Eastman Kodak issues warning on fraudulent websites and Facebook accounts
Company claims parties are promoting and claiming to be selling its planned digital token
The 130-year-old Kodak company said last week that verifying the “accredited” status of potential investors for the digital KodakCoin token could take several weeks. Photograph: Stefan Wermuth/Reuters
The warning, sent in an email to potential investors, comes as securities and exchange commission chairman Jay Clayton is testifying before Congress about initial coin offerings and coin-related scams. Regulators have been increasingly scrutinising ICOs, which raised $3.7 billion in funds last year, according to CoinSchedule.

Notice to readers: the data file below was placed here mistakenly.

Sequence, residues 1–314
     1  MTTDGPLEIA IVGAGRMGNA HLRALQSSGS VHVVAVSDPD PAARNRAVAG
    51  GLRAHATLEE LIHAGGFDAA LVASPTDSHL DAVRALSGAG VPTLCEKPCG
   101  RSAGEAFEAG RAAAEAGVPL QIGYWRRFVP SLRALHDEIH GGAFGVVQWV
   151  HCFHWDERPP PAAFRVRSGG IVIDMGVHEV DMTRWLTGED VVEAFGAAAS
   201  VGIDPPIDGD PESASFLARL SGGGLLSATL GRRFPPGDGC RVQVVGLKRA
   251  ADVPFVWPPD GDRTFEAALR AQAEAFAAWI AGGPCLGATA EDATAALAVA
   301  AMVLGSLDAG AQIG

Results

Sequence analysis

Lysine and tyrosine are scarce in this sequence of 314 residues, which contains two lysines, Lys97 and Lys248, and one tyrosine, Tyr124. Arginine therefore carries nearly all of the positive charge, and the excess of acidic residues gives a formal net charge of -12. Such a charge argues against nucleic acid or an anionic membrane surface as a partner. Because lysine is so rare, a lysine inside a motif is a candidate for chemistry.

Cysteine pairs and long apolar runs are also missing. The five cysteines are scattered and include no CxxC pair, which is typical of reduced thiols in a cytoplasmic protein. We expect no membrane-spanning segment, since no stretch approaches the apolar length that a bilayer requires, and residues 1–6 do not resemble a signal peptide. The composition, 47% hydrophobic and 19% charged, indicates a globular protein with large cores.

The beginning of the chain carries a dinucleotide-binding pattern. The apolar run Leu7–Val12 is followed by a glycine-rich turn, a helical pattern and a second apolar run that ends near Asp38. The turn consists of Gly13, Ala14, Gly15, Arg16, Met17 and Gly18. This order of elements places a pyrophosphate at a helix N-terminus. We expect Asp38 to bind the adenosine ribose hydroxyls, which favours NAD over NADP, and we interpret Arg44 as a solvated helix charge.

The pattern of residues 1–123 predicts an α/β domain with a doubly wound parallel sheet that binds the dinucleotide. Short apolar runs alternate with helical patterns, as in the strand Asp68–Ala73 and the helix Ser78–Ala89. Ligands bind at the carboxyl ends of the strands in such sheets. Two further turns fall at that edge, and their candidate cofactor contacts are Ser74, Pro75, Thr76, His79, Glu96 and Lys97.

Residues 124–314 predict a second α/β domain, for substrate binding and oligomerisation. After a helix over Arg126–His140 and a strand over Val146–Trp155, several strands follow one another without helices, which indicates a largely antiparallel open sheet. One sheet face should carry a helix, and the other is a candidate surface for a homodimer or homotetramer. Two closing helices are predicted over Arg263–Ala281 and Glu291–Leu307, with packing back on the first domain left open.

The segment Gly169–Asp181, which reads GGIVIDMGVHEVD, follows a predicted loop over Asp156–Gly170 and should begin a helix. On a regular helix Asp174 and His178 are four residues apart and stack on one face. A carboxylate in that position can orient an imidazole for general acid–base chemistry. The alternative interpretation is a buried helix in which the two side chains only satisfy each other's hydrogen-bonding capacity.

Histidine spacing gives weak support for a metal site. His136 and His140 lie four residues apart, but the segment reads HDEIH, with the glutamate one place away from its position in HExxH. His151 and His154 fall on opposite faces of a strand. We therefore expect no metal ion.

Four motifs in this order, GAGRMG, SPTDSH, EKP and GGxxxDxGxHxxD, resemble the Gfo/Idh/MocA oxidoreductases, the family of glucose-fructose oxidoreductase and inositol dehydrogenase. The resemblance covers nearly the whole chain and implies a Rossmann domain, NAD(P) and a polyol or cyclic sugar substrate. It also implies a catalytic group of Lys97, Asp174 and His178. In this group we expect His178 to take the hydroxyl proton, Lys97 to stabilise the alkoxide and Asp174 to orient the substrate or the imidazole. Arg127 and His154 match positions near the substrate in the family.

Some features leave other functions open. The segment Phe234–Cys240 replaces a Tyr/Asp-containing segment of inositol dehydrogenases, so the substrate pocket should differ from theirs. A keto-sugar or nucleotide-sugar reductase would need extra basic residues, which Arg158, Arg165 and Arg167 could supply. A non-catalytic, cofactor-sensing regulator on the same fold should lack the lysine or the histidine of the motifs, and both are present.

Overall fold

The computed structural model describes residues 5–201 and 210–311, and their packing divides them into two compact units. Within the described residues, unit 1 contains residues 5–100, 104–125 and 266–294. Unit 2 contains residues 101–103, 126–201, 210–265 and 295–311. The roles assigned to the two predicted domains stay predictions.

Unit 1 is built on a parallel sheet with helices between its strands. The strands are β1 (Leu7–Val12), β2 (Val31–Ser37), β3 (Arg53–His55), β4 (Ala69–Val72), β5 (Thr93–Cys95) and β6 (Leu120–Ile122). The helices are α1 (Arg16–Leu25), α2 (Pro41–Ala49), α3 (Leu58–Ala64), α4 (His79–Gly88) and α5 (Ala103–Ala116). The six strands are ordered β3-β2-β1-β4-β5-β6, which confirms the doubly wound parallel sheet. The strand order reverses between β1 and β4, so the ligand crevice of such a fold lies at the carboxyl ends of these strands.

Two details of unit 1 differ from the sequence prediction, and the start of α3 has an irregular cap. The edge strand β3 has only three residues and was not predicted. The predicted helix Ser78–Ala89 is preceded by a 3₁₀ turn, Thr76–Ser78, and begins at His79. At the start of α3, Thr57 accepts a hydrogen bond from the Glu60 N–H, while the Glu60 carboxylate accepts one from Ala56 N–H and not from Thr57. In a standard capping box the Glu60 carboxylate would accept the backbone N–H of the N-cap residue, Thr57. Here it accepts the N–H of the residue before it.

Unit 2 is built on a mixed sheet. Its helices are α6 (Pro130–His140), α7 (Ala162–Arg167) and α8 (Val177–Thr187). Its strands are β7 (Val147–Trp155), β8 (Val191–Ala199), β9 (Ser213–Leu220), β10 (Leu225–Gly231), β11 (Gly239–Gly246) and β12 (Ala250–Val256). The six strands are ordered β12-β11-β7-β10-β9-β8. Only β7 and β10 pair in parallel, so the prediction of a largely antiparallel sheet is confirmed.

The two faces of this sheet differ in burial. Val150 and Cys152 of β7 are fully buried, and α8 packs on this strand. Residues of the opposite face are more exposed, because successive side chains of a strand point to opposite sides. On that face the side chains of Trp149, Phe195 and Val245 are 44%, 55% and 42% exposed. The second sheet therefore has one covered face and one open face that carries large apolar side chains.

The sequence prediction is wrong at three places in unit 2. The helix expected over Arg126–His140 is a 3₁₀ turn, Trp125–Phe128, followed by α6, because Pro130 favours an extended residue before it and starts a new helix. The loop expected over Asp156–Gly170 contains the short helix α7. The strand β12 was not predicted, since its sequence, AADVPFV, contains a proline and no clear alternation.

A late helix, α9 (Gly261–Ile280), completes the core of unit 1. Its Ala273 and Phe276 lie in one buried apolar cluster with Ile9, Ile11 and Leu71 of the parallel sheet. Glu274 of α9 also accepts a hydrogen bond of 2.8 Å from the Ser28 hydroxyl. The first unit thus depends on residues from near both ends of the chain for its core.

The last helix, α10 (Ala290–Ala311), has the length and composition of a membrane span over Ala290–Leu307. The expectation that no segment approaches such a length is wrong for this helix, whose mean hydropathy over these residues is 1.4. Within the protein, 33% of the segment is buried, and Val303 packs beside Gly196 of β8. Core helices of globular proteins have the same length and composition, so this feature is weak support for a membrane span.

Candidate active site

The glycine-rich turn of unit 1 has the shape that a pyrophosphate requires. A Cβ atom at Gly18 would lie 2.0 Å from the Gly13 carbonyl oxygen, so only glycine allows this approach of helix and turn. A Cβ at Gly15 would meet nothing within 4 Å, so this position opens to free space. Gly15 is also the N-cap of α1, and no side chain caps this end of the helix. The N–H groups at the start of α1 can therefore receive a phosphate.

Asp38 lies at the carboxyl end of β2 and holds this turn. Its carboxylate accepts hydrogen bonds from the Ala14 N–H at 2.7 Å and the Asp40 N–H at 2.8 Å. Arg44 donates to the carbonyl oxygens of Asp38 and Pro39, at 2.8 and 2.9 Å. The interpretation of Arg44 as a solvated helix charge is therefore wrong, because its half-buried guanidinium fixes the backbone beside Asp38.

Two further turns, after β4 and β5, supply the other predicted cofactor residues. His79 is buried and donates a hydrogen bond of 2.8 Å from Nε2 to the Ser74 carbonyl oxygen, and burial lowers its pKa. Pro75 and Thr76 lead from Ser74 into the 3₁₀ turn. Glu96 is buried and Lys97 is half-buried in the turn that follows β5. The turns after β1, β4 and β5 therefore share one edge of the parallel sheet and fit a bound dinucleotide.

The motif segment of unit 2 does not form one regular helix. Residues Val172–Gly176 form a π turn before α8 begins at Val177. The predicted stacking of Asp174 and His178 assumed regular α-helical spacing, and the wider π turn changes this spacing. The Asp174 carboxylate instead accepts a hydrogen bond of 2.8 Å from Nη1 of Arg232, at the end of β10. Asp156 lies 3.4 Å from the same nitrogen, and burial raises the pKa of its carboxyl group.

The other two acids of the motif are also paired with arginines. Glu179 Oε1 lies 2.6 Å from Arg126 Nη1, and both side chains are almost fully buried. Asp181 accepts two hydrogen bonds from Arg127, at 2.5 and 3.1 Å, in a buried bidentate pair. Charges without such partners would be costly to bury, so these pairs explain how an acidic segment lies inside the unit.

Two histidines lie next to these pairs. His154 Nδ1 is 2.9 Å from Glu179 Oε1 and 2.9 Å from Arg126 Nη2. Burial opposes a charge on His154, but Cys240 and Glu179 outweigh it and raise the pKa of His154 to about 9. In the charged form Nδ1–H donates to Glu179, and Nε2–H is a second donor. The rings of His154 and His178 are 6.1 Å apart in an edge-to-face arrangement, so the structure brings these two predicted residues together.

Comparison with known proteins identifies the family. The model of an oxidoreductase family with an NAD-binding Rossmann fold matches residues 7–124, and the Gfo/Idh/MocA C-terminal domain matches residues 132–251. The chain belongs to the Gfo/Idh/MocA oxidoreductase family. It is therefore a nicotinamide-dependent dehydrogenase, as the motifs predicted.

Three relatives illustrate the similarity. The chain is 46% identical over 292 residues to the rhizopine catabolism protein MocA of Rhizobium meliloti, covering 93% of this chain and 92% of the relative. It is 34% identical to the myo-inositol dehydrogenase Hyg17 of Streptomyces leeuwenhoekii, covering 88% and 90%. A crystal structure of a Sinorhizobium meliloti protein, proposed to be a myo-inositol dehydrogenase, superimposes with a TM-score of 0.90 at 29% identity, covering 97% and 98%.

The 130-year-old company said last week that verifying the “accredited” status of potential investors for the digital KodakCoin token could take several weeks, sending its shares down 13 percent. More than 40,000 investors expressed interest in the offering, the Rochester, New York-based company said last week.
Kodak’s plan has been greeted with a mixed reception, with some critics of the proposal saying the imaging company is jumping on the distributed-ledger technology bandwagon to boost its shares. Kodak is working with a company that promotes paparazzi photos to offer a blockchain-based service that would let photographers get paid whenever their images are used.